Japan Table of Contents
Early childhood education begins at home, and there are numerous books and television shows aimed at helping mothers of preschool children to educate their children and to "parent" more effectively. Much of the home training is devoted to teaching manners, proper social behavior, and structured play, although verbal and number skills are also popular themes. Parents are strongly committed to early education and frequently enroll their children in preschools.
Preschool education provides the transition from home to formal school for most children. Children's lives at home are characterized by indulgence, and the largely nonacademic preschool experience helps children make the adjustment to the group-oriented life of school and, in turn, to life in society itself (see Values , ch. 2).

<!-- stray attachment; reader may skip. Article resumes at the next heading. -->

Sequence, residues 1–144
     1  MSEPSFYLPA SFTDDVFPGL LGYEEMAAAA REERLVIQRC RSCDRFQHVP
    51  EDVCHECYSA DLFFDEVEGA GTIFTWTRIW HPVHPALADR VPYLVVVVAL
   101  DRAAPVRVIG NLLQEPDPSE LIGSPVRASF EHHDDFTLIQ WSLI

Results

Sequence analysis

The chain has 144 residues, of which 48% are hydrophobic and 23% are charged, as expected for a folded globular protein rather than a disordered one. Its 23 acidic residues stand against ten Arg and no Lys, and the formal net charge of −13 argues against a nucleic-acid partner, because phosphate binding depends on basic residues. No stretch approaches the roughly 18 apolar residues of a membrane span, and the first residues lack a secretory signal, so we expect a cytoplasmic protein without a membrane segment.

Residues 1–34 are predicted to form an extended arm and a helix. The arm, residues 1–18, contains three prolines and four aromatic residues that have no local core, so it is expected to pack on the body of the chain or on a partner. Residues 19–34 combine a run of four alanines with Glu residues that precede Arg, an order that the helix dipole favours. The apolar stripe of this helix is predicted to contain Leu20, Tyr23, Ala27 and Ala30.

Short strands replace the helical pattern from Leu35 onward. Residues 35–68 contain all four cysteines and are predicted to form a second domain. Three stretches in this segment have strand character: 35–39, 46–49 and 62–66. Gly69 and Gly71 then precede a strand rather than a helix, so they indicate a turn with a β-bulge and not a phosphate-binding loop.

Preschools (yochien), predominantly staffed by young female junior college graduates, are supervised by the Ministry of Education, but are not part of the official education system. The 58 percent of preschools that are private accounted for 77 percent of all children enrolled. In addition to preschools, a well-developed system of government-supervised day-care centers (hoikuen), supervised by the Ministry of Labor, is an important provider of preschool education. Together, these two kinds of institutions enroll well over 90 percent of all preschoolage children prior to their entrance into the formal system at first grade. The Ministry of Education's 1990 Course of Study for Preschools, which applies to both kinds of institutions, covers such areas as human relationships, environment, words (language), and expression.
Data as of January 1994